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Materials and Methods

Our study includes total seven cases of B. endocarditis. The age group ranges from 22 to 45 years. All the seven patients are male. The demographic characteristics, history of exposure, predisposing factors, patient presentation, and the valve involved of all the above seven cases studied are summarized in [Table 1]. Details of the patients are discussed in the following text:-

Table 1

The demographic characteristics, history of farm or animal exposure, predisposing factors, patient presentation, and the valve involved

Age (y)

Sex

Farm exposure

Predisposing factors

Presentation

Valve involved, lesion

Patient 1

44

M

Business

CRHD

Fever

Severe MS

Patient 2

45

M

Agricultural labor

Bicuspid aortic valve

Fever

Severe AS, moderate AR

Patient 3

32

M

Farmer

CRHD

Fever, dyspnea

Severe MS, moderate MR

Patient 4

36

M

Not known

No significant cardiac pathology

Fever

Aortic valve abscess

Patient 5

50

M

Driver

CRHD

Fever, dyspnea

Aortic valve perforation, severe AR

Patient 6

34

M

Milk industry

Chronic kidney disease

Fever, dyspnea

Severe AR

Patient 7

22

M

Not known

Acyanotic CHD, restrictive ASD, VSD, congenital severe MR

Fever, dyspnea

Prosthetic mitral valve

Abbreviations: AR, aortic regurgitation; AS, aortic stenosis; ASD, atrial septal defect; CHD, chronic heart disease; CRHD, chronic rheumatic heart disease; MR, mitral regurgitation; MS, mitral stenosis; VSD, ventricular septal defect.


Patient 1

A 44-year-old male patient, known case of chronic rheumatic heart disease with severe mitral stenosis, presented with a history of fever for the last 2 months. Electrocardiogram (ECG) was suggestive of right bundle branch block. Echocardiogram showed severe mitral stenosis with large vegetation on the mitral valve ([Fig. 1]). His blood culture showed the presence B. melitensis. He was diagnosed to have B. endocarditis. He was treated initially with antibiotics. After stabilization, 3 months later he underwent elective mitral valve replacement.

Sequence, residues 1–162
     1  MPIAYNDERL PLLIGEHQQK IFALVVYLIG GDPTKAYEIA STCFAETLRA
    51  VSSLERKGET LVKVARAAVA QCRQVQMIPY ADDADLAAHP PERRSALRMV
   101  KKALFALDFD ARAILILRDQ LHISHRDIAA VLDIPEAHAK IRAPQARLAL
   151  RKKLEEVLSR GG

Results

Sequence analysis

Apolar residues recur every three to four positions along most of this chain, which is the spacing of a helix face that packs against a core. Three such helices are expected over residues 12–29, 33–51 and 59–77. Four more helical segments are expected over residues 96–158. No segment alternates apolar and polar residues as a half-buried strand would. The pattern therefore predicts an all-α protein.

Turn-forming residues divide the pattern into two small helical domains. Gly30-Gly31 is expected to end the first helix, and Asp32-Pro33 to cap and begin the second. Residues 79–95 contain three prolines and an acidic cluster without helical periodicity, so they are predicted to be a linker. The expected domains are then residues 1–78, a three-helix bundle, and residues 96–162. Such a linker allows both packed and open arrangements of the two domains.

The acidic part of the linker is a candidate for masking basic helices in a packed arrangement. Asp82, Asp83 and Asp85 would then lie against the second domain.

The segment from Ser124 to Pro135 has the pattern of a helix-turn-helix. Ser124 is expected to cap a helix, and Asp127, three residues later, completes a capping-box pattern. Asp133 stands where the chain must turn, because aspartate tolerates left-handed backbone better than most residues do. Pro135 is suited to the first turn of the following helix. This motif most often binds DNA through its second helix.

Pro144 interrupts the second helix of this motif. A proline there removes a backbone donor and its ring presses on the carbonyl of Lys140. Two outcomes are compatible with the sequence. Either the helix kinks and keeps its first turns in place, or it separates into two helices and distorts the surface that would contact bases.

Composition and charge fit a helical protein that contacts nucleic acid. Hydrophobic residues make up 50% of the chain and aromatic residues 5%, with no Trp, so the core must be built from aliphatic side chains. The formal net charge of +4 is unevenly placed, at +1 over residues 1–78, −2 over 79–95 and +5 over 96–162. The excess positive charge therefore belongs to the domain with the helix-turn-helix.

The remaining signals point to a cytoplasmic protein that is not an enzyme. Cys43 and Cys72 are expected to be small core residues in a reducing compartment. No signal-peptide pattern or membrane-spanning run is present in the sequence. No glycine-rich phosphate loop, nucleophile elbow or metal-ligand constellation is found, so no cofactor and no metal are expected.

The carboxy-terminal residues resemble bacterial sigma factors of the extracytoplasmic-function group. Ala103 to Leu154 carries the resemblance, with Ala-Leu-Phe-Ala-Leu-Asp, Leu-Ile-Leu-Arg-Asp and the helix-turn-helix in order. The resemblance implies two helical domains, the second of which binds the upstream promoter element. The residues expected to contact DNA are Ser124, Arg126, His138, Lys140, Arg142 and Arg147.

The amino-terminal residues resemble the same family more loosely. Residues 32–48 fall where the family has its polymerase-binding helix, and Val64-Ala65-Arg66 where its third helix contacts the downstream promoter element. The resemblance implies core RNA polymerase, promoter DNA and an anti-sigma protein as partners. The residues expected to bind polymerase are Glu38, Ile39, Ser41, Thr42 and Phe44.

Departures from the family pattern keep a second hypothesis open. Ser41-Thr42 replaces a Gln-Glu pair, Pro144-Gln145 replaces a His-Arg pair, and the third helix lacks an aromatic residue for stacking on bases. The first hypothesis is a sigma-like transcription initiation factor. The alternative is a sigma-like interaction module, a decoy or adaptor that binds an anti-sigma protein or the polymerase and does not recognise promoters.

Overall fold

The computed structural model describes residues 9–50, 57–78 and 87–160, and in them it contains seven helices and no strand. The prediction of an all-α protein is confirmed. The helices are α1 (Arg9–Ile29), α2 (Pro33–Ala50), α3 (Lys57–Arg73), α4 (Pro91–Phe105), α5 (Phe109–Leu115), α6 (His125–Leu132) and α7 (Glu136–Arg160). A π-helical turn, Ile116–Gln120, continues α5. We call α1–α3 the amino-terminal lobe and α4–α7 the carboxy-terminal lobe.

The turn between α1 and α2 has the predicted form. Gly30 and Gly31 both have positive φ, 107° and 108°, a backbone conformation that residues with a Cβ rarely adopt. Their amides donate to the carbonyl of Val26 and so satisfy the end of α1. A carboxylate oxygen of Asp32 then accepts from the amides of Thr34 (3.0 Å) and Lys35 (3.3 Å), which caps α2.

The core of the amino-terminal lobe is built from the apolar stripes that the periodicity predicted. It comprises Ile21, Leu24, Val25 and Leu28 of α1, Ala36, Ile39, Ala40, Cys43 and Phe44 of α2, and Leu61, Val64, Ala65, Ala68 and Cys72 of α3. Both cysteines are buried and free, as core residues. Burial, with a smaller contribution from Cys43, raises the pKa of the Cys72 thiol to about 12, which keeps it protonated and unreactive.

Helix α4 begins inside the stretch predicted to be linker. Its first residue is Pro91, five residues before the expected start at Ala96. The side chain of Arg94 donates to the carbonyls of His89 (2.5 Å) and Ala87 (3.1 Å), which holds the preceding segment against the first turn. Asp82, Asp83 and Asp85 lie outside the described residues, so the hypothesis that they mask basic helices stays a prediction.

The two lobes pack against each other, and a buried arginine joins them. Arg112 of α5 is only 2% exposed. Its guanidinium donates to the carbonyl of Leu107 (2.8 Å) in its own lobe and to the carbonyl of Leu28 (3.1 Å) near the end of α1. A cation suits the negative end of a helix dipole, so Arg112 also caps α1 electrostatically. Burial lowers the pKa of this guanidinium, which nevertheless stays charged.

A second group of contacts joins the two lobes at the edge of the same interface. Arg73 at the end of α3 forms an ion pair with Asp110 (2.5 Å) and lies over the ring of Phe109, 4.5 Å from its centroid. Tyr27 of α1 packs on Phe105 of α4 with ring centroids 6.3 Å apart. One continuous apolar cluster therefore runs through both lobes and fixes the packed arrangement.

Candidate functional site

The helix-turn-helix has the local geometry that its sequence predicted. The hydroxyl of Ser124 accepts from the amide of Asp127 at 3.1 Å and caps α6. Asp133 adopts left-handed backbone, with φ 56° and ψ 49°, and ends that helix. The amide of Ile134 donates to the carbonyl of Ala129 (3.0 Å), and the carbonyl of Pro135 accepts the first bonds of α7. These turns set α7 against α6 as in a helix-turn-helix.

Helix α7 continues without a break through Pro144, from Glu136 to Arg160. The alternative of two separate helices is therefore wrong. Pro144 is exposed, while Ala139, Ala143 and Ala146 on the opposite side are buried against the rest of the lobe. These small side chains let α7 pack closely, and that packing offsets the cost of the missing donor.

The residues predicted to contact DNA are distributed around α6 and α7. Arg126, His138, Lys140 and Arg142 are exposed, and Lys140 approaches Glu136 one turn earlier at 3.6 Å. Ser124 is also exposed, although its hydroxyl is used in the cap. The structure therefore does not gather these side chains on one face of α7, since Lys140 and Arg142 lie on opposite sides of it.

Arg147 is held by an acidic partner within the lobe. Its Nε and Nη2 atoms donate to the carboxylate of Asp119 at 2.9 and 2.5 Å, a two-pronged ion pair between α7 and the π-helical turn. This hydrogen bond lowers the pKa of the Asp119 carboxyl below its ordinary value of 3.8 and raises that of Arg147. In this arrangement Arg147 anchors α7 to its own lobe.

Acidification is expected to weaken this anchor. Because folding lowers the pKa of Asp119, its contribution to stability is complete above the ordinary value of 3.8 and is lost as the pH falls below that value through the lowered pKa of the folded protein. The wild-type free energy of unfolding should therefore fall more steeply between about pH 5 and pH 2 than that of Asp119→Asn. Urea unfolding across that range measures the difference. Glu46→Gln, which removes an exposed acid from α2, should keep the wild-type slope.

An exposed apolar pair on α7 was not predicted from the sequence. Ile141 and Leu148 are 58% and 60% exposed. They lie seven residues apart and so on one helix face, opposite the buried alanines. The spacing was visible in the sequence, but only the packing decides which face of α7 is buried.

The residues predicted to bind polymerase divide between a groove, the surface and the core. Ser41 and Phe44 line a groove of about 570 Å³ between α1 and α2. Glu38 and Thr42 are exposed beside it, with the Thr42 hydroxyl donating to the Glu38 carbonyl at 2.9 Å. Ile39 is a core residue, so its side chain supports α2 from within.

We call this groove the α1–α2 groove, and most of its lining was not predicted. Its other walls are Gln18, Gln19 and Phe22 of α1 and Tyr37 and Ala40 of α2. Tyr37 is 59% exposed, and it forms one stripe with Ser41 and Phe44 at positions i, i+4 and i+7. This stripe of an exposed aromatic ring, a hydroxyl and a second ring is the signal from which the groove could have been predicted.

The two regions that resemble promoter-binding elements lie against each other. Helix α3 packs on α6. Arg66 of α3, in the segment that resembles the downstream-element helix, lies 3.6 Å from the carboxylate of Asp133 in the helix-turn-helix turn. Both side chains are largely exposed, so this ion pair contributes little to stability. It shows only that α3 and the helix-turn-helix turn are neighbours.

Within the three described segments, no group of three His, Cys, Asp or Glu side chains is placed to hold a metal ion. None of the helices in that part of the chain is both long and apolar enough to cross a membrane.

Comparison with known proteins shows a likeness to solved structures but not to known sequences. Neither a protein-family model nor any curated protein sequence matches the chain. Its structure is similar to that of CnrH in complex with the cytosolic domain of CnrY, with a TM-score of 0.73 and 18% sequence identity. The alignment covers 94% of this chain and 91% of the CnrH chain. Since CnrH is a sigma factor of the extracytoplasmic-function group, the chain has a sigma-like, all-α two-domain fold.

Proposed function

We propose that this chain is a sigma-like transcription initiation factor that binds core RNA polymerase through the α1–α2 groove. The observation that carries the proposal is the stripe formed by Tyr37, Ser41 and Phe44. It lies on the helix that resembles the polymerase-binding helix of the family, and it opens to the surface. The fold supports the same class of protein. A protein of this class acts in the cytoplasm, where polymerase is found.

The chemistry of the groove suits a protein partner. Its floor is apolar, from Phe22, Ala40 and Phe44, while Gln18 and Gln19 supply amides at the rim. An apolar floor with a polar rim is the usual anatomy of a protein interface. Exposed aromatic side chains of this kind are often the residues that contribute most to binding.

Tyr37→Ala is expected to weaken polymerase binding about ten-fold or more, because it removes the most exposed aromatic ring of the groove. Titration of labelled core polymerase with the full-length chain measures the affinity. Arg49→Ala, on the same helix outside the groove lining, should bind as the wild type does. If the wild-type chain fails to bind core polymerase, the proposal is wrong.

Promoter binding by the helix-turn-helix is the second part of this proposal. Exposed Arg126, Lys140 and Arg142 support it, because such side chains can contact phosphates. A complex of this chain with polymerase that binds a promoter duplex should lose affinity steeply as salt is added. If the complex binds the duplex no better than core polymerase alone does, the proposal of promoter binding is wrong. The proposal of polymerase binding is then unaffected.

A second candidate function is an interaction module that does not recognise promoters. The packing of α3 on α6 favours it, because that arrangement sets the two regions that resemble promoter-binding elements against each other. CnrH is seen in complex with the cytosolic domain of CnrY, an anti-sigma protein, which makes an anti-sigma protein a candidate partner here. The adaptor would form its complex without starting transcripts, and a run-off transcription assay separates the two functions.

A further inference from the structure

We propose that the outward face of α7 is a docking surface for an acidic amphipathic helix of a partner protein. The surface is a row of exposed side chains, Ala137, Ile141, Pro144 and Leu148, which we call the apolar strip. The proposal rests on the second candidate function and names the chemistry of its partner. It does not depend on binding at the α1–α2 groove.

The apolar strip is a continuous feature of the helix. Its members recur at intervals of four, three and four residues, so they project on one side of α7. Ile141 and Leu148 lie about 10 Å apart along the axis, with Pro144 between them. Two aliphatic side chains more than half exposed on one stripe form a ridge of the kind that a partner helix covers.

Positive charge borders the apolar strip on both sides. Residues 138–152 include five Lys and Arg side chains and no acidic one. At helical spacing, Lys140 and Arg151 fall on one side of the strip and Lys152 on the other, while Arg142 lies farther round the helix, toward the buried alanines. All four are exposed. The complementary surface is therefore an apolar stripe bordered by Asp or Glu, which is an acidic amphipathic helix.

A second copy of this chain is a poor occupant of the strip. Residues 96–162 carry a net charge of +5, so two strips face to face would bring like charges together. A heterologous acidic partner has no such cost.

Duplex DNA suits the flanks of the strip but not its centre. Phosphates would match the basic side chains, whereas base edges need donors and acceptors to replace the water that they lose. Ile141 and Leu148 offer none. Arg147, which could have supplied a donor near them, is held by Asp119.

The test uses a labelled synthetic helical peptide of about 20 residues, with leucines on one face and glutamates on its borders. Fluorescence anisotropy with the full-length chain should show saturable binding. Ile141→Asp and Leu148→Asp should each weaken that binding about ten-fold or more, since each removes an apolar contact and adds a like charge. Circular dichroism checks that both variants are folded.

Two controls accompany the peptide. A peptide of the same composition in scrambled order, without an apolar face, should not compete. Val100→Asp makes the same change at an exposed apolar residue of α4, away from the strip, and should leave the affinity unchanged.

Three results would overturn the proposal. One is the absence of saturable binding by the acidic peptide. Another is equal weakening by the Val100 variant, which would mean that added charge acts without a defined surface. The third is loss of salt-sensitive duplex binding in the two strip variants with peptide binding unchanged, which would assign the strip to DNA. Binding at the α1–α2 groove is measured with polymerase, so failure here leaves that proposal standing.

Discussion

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Fig. 1 Large vegetation on the mitral valve in patient with Brucella endocarditis (arrow).

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Patient 2

The second patient was a 45-year-old male patient who was an agricultural labor by occupation. He was a known case of bicuspid aortic valve. He presented with chief complaints of fever for the last 2 months. ECG was suggestive of left ventricular hypertrophy. Echocardiography showed moderate sized vegetations on the aortic valve. He had severe aortic stenosis with moderate aortic regurgitation ([Fig. 2]). Blood culture showed B. melitensis. Patient was treated successfully with antibiotics and valve replacement was done at a later date.

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Fig. 2 Two-dimensional echo showing vegetation on bicuspid aortic valve (arrow).

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Patient 3

A 32-year-old male patient presented with complaints of continuous fever for the last 2 months and New York Heart Association (NYHA) class III breathlessness. He was a farmer by occupation. Patient was a known case of chronic rheumatic heart disease with severe mitral stenosis, moderate mitral regurgitation, and severe pulmonary artery hypertension. He underwent percutaneous balloon mitral valvuloplasty 7 years back. At present, he had increased white blood cell count with raised C-reactive protein. ECG showed right bundle branch block. Echocardiogram was suggestive of moderate size vegetation on mitral valve leaflet. Positive blood culture confirmed the diagnosis of B. endocarditis ([Fig. 3]). He was treated initially with medical management. After 3 months, he underwent mitral valve replacement.